August 19, 2016
FreeMonee Makes 2013 the ‘Year of the Gift’
By D.J. Murphy, Editor-in-Chief
A three-year old startup is harnessing the power of big data and no-strings-attached cash to drive more traffic and more spend to online and brick-and-mortar retailers. Merchants spend hundreds of millions of dollars each year on consumer incentives designed to bring more shoppers through the doors, but they’re not spending that money as efficiently as they could be, according to Jim Taschetta, chief marketing officer for San Mateo, Calif.-based FreeMonee.
Taschetta says one can look no further than gift cards for an incentive that works better than any other—especially coupons, which are the primary incentive vehicle currently used by retailers.
“There is a product already on the market retailers use that’s incredibly effective at drawing consumers in the door—the gift card,” he says. “When retailers use gift cards they find they’re ten times more effective than anything else they can do to bring customers in the door.”
The problem with using gift cards—essentially a cash gift you can only spend in one place—is that retailers don’t have a scalable way to ascertain which consumers should get them and how much they should get. How can they leverage an incentive with guaranteed lift as profitably as possible?
“What we realized is they can’t,” Taschetta says. “For a retailer to give out gift cards—no-strings-attached incentives—on a large scale, they have to know what the consumers who get them are going to spend. They only want to give it to people who are profitable to them. It’s a thorny problem, but we think we’ve cracked the code. We figured out how to determine exactly what you’re going to spend so we can give you the right gift to bring you into the store and get you to spend enough money to make it worth it for the retailer.”
The trick lay in tapping the transactional data of debit and credit card issuers and using it to predict exactly how much money it would take to drive a particular consumer into a store and how much they would spend once they got there. The company took two years to build what it calls its “gift underwriting engine” to do exactly that.
“We have a bunch of PhDs from places like FICO and Google,” Taschetta says. “They built this engine across the terabytes of data we have access to. And that’s the secret sauce. Without that you have to give out coupons and coupons are not motivating.”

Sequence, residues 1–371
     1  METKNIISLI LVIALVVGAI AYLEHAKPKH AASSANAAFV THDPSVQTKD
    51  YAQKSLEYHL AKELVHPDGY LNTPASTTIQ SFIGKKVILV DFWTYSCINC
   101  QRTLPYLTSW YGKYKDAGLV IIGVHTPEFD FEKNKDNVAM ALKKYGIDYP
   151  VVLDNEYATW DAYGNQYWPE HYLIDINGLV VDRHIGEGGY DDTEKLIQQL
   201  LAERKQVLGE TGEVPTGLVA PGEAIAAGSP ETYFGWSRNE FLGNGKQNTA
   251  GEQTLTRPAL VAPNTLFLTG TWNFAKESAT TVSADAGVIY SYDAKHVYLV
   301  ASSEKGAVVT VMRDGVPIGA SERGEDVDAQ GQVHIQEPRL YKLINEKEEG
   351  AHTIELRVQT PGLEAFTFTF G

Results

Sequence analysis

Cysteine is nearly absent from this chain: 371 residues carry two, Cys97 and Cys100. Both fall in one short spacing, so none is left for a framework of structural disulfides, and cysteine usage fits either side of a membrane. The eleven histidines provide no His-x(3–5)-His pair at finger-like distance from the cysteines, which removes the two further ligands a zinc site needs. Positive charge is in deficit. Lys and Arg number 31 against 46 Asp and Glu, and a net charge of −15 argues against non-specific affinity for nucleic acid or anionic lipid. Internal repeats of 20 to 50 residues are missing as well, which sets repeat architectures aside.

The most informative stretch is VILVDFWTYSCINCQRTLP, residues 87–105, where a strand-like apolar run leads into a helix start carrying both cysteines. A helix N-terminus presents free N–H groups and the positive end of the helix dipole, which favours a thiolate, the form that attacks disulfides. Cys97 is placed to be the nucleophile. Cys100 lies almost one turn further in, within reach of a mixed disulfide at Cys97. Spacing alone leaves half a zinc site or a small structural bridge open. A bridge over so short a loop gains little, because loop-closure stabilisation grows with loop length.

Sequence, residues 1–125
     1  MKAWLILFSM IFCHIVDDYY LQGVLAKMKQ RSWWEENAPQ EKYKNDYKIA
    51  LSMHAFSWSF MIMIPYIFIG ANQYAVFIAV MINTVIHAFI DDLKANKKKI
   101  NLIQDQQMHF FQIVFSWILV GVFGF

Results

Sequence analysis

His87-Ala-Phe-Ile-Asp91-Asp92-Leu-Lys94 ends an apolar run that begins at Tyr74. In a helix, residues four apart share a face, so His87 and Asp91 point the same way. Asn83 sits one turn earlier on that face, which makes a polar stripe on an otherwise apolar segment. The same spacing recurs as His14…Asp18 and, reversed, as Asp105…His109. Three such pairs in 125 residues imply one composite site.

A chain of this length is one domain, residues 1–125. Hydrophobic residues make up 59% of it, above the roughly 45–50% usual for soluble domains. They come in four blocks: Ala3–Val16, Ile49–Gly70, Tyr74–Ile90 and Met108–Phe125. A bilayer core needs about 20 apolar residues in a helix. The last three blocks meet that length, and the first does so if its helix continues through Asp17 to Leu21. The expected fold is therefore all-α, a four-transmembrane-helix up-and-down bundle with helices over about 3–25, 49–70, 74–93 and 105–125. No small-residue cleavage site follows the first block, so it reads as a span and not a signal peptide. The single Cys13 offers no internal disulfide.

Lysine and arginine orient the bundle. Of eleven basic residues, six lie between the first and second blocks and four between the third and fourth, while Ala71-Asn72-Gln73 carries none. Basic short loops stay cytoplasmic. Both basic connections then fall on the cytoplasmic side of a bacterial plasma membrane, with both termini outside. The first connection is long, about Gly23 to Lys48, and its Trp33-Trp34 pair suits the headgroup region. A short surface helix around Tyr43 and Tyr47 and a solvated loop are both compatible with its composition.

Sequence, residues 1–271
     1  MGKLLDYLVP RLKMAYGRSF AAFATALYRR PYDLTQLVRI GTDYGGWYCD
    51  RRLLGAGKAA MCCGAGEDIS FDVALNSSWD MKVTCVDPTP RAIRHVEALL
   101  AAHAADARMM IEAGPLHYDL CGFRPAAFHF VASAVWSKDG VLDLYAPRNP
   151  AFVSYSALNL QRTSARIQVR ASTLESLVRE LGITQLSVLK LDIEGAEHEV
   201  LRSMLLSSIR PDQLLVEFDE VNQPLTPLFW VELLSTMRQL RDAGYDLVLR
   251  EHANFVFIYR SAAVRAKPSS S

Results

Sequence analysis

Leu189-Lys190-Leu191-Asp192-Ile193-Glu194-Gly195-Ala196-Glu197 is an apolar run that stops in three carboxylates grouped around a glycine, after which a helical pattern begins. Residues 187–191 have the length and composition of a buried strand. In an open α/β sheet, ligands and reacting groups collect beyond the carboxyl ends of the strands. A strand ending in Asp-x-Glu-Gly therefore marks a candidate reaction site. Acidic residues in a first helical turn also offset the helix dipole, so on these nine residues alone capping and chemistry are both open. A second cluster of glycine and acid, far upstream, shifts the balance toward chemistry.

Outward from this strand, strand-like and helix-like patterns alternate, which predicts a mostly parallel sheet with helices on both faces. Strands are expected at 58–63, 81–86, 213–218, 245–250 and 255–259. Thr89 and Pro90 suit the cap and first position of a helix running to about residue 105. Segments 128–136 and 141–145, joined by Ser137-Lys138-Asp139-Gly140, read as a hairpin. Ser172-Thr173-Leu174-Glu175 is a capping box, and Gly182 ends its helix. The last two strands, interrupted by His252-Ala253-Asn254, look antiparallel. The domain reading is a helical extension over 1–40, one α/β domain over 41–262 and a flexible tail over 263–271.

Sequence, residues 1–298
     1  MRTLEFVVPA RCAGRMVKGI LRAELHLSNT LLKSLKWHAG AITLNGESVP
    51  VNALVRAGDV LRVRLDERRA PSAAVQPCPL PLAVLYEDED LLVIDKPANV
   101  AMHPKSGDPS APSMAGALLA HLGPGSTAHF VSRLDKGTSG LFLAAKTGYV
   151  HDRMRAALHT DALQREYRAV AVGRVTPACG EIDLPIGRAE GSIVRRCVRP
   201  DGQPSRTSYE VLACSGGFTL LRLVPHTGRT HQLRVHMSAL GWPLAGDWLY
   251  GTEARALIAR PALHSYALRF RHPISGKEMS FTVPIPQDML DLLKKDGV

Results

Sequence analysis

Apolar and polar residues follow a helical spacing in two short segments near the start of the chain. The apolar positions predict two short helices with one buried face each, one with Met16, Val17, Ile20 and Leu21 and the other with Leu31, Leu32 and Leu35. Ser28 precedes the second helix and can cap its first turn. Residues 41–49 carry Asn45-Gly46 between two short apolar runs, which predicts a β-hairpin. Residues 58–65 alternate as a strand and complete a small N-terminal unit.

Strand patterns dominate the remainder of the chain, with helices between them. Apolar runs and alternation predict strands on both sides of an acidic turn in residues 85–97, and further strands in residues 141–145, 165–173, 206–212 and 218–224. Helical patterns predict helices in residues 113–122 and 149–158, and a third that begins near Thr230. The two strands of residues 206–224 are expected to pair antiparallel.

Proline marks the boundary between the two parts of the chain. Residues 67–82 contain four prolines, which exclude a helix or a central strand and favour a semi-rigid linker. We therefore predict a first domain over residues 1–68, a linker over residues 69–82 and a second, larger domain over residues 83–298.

The “terabytes of data” FreeMonee feeds into its underwriting engine come from the billions of transactions made by hundreds of millions of credit and debit cardholders. The company has partnered with five of the top 10 issuing banks in the U.S.—including US Bank, Discover and Capital One—to source that data. The information FreeMonee gets is “anonymized,” according to Taschetta, so the company does not maintain any relationship with individual consumers. After the numbers on a cardholder have been crunched and the appropriate gift value determined, the issuer notifies its cardholder via his or her preferred method (email, text or mobile app) that a no-strings-attached cash gift is available if they use their card to make a purchase at a specific retailer.
“So you might receive a $15 gift on your U.S. Bank debit card for Best Buy,” Taschetta explains. “U.S. Bank will deliver that through whatever communication channel the customer has opted-in to and the gift is linked to the card with an expiration date. As soon as you walk into the store and make a purchase, FreeMonee sends a message to the bank saying the cardholder needs a $15 credit for his Best Buy purchase. The purchase will work online or in a store.”
He notes that the effort required by merchants to offer this program is minimal. There is no POS integration or training for store staff. And, FreeMonee provides extensive reporting to the retailers to show them the effect of their spend on sales.
“Because it’s all linked to the back-end through the card, there is no set up for the retailer,” Taschetta says. “All a retailer needs to do is assign a budget, give us a logo and tell us what their profitability objectives are—how much they’re willing to spend per customer to make it economically feasible for them. We can turn it on in less than a week. Then, we report back the transactions that have taken place. We can report what the actual lift is and the return on ad spend. We explicitly answer the question, ‘Did I drive profitable incremental growth?’”
The relationships with the issuers enable FreeMonee to send out free gifts weekly through a ready-made distribution system to hundreds of millions of cardholders offering retailers what they couldn’t have before with the targeted gift card offers they know work well: scale.
There are patents pending on the underwriting engine, but Taschetta says, FreeMonee’s real advantage is first-mover status.
“More than anything, we have at least a two year head start on anyone,” he notes. “It’s not going to come down to the patents, it’s going to come down to the fact we’ve reached critical mass before anyone can replicate what we do.”
And, FreeMonee believes the opportunity for card-linked, no-strings gifts is going to blow up much sooner than that. Taschetta, in fact, is calling 2013 “The Year of the Gift.”
“We’re already starting to see a massive shift from coupons as a primary incentive vehicle for retailers to gifts,” he says. “In the next two years I think you’ll see hundreds of millions to billions of dollars shifting to this new medium because there’s a lot of inefficiency in the promotion of coupons used today. Gift marketing is growing in importance. As an example companies like Facebook recently announced a gift offering. Retailers know gifts work, they just haven’t figured out how to do it at scale. We have.”